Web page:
When the Communications Workers of America union called for telecom regulations for Voice over IP earlier this week, it cited consumer protection as its motivating factor. But when you dig deeper into the issue, it's pretty clear who the union is really trying to protect -- big telco companies, who employ most of the union's members.
It's an approach that is as short-sighted as it is predictable. And ultimately, it ignores the future -- and perhaps more jobs at better wages for its workers -- in favor of the status quo, a situation that is already getting worse by the day. With big telcos laying off people as fast as they can, CWA union members should be asking their leaders to support, not oppose, VoIP and other advanced IP services, since that is where the jobs of the future will be coming from.
The argument that says VoIP and other advanced telephone services need to provide things like universal service and 9-1-1 support out of the box doesn't hold water from a number of perspectives -- including the question of how did it take AT&T to provide those same services, even when it had a monopoly grip on the market?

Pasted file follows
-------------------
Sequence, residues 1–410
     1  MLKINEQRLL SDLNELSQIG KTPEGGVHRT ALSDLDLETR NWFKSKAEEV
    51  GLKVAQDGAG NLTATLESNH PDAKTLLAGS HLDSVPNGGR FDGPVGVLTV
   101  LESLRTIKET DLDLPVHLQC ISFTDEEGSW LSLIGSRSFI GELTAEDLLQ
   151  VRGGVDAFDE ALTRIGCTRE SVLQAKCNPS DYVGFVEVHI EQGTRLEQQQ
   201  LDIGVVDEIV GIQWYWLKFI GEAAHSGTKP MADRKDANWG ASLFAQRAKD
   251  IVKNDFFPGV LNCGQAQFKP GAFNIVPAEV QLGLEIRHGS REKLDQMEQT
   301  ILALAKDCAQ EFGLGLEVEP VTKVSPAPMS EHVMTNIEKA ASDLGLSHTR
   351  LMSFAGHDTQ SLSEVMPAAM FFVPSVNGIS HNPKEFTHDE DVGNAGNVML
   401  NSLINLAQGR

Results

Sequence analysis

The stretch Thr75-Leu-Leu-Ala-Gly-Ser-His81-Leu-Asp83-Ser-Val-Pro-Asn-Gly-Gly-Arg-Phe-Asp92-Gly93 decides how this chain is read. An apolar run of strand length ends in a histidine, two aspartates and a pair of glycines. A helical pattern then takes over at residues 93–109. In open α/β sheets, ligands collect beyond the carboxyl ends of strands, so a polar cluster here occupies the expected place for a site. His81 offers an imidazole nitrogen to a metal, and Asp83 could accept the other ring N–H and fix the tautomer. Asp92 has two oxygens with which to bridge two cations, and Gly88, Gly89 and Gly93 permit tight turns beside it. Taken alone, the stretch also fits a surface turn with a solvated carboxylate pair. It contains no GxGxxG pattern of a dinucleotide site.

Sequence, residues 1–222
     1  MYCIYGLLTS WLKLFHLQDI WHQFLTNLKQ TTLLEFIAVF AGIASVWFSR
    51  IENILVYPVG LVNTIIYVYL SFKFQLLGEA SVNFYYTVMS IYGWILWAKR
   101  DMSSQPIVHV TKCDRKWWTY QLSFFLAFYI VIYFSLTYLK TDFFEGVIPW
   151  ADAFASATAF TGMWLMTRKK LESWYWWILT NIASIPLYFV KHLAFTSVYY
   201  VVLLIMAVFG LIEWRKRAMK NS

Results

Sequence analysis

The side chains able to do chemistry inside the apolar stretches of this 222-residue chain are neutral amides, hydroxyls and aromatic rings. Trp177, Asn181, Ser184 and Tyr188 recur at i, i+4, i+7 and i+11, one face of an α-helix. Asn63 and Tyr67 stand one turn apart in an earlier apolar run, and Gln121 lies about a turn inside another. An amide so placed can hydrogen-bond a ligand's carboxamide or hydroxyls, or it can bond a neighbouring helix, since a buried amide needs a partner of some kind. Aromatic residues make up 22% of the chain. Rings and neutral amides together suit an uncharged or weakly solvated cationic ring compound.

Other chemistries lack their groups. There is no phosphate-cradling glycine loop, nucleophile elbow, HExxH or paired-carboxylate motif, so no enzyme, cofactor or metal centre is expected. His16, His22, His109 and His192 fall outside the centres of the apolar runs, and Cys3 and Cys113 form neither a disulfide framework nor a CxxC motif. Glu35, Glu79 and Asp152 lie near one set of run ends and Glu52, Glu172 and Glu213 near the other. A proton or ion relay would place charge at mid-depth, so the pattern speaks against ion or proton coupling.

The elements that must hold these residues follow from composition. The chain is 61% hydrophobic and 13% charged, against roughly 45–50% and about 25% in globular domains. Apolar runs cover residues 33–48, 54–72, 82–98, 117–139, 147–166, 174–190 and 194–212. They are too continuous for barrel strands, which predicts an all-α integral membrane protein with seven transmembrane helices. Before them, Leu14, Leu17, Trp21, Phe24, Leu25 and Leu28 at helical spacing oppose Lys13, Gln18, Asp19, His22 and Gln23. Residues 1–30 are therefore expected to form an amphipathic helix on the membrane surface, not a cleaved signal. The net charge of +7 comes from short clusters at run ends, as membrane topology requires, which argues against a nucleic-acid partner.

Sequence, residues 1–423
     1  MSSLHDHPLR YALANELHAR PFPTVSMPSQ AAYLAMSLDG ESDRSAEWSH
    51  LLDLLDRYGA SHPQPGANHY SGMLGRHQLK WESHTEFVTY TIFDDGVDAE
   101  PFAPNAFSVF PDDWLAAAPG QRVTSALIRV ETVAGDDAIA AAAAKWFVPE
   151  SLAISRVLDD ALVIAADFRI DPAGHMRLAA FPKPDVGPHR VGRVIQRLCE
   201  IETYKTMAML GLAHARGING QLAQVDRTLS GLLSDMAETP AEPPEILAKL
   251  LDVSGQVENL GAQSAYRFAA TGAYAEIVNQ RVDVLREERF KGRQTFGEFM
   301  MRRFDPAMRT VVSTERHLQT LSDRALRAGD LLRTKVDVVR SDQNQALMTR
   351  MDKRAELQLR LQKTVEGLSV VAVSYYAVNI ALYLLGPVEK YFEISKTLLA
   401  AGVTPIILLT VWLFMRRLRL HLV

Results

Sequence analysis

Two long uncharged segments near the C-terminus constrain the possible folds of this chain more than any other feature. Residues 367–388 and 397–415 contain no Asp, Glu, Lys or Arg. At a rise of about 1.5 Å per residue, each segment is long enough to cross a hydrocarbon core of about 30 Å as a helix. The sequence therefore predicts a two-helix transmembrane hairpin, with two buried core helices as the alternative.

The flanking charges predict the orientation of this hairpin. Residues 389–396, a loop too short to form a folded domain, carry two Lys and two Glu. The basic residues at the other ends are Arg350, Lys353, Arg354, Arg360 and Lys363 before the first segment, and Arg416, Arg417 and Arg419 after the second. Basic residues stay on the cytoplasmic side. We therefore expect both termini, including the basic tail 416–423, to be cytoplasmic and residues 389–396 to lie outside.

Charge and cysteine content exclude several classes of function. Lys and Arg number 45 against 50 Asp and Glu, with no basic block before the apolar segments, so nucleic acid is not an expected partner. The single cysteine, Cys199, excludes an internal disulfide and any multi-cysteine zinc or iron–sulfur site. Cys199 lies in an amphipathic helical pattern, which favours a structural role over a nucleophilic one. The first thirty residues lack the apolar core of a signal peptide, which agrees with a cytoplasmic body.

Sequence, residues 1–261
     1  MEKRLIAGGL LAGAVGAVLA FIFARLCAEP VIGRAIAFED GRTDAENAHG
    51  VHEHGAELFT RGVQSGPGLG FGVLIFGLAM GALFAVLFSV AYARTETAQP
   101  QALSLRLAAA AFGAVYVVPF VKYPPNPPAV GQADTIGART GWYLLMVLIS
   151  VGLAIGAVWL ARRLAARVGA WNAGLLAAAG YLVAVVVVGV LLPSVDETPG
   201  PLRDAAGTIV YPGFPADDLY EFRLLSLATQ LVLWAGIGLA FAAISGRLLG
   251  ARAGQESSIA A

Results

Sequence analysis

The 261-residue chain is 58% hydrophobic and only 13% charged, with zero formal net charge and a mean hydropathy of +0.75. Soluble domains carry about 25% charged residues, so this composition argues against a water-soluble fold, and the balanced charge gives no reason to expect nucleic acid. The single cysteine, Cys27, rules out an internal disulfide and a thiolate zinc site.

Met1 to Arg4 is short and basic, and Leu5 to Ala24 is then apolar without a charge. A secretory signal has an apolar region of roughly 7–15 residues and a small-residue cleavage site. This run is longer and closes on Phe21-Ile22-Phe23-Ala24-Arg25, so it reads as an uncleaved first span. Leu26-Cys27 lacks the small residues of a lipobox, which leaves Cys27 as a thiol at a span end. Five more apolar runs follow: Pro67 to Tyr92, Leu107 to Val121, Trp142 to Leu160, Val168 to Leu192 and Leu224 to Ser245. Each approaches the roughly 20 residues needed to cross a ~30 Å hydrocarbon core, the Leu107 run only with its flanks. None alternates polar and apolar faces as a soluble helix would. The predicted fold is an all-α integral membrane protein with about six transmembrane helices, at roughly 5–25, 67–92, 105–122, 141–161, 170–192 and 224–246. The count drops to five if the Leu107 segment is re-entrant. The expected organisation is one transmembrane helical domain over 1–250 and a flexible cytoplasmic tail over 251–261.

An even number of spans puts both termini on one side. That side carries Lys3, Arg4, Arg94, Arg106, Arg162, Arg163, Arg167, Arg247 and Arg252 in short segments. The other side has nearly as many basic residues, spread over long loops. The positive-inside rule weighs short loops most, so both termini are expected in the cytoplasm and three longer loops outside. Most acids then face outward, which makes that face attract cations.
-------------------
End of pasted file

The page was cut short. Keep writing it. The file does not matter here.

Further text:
It's hard to imagine that VoIP providers won't solve the emergency-location services problems soon enough, in a technology and marketing-driven way that will probably surpass what's available now. (Imagine being able to send a medical history from your home PC to paramedics who are en route to the scene; the technology for that idea already exists, it just needs someone to market it as a service.)
But if VoIP providers have to instead fight court battles -- in 50 different states, if the CWA has its way -- consumers and telecom workers will be the immediate losers, as innovation gets stifled in favor of more fees for lobbyists and lawyers. Kind of makes you wonder who's calling the shots for the CWA, and why.